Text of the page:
On the annual Sojourn to the Past trip, students journey back to the time of the civil rights movement.
The trip offers an opportunity for students to learn about the past, meet civil rights activists, and visit the American South. The trip focuses on educating students about the civil rights movement, as well as raise awareness about U.S. history.
This year, there will be 27 Carlmont students going on the trip from Feb. 16 to Feb. 22, along with history teacher Karen Ramroth and English teacher Cindy Shusterman. This is a record number of Carlmont students participating in the Sojourn program.
To fundraise for the program cost of $3000, students sold See’s candies, held a fundraiser at Panda Express, and raised funds through a “Selma” movie showing.
With this program, students can go beyond the textbook and visit landmarks, meet civil rights activists, and earn college credits on the seven-day course.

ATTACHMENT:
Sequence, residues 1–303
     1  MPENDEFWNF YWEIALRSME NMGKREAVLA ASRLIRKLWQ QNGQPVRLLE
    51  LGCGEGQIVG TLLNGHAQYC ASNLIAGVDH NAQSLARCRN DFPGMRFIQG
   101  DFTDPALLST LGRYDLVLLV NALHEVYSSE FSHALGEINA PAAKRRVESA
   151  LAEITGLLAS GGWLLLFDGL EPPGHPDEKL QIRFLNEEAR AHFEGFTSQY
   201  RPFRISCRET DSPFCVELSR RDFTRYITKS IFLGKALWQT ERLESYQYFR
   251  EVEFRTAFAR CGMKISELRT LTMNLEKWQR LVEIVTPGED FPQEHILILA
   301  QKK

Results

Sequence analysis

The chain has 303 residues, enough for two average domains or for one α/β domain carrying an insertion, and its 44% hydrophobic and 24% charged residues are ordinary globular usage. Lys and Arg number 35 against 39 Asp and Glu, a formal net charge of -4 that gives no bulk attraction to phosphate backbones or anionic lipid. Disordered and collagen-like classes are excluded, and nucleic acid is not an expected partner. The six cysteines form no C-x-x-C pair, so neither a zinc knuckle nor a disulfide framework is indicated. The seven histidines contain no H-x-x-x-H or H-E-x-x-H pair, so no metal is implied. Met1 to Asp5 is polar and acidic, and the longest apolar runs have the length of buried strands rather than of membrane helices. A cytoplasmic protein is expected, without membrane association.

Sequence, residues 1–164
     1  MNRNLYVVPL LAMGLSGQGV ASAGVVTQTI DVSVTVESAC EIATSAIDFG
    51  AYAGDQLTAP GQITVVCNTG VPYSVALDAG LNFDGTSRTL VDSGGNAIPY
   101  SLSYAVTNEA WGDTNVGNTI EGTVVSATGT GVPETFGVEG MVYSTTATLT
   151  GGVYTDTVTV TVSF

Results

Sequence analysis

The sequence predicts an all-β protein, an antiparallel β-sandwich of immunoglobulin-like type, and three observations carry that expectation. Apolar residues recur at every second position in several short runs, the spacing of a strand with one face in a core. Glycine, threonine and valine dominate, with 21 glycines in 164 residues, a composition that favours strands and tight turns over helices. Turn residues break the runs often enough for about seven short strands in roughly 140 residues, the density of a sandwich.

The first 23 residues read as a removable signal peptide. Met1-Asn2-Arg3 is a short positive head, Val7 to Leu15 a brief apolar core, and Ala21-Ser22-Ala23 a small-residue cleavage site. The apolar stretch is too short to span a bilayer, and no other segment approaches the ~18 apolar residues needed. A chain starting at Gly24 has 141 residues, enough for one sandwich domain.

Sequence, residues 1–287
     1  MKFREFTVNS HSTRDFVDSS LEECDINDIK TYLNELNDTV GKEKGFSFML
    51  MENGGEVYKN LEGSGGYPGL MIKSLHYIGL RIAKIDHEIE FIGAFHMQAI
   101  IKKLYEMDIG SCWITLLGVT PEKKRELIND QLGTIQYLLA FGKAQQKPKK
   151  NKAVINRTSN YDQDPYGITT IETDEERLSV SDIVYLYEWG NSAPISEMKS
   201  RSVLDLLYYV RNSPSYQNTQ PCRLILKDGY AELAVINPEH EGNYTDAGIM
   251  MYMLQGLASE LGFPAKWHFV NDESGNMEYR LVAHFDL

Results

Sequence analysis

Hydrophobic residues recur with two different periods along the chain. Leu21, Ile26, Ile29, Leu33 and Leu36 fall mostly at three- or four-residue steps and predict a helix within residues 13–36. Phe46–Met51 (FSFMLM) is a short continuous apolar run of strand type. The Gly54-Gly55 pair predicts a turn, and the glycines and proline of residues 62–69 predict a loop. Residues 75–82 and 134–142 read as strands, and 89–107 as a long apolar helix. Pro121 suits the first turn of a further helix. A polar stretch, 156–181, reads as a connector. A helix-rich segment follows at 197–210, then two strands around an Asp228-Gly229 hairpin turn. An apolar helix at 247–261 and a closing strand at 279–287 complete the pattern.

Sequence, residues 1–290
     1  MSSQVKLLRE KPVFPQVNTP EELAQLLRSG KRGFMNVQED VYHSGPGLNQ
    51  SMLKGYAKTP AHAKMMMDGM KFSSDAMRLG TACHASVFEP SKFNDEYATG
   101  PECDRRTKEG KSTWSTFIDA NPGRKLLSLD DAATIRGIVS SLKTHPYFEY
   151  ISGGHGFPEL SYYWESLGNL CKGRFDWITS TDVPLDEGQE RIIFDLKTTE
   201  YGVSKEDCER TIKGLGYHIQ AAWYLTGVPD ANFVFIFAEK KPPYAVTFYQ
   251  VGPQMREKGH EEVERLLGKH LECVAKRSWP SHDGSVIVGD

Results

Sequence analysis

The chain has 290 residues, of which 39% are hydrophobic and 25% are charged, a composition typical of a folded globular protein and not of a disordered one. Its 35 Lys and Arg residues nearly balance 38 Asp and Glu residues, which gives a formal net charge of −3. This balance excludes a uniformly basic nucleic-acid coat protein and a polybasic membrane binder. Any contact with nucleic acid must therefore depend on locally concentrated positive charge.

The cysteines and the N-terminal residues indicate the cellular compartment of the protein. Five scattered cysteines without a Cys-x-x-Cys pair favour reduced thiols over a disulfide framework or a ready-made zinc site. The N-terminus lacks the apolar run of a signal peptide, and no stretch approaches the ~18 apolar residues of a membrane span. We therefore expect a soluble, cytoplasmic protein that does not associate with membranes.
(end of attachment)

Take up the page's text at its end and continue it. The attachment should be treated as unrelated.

“Sojourn to the Past is a trip that students go on to the Deep South. There is a mix of classes that the students take, and in addition to that, they hear from speakers, civil rights activists, and even meet people who were a part of the Little Rock Nine, like Minnijean Brown-Trickey and Elizabeth Eckford,” Carlmont English teacher Cindy Shusterman said.
To many students, this trip offers more than just knowledge about the movement. They are able to learn about how their ancestors fought for the rights they have today.
“Sojourn taught me more about my self-identity than any history class did. It also taught me about different social justice skills that I use today,” Angelica Burleson, a senior, said.
Sojourn to the Past is meant to educate students about the history of their country by exposing them to the places and people they learn about.
“I love to see and interact with students outside of the classroom and outside of a school. The students really like it as well because it’s learning, but it’s in such a different and non-traditional style. I wish everyone could experience it,” Shusterman said.
As the students learn about the civil rights movement, they also learn more about themselves in the process.
“I want to learn the stories that I will never be told in the textbooks. I thank these people who fought the hard battle for us,” Alejandro Hernandez Lopez, a senior, said.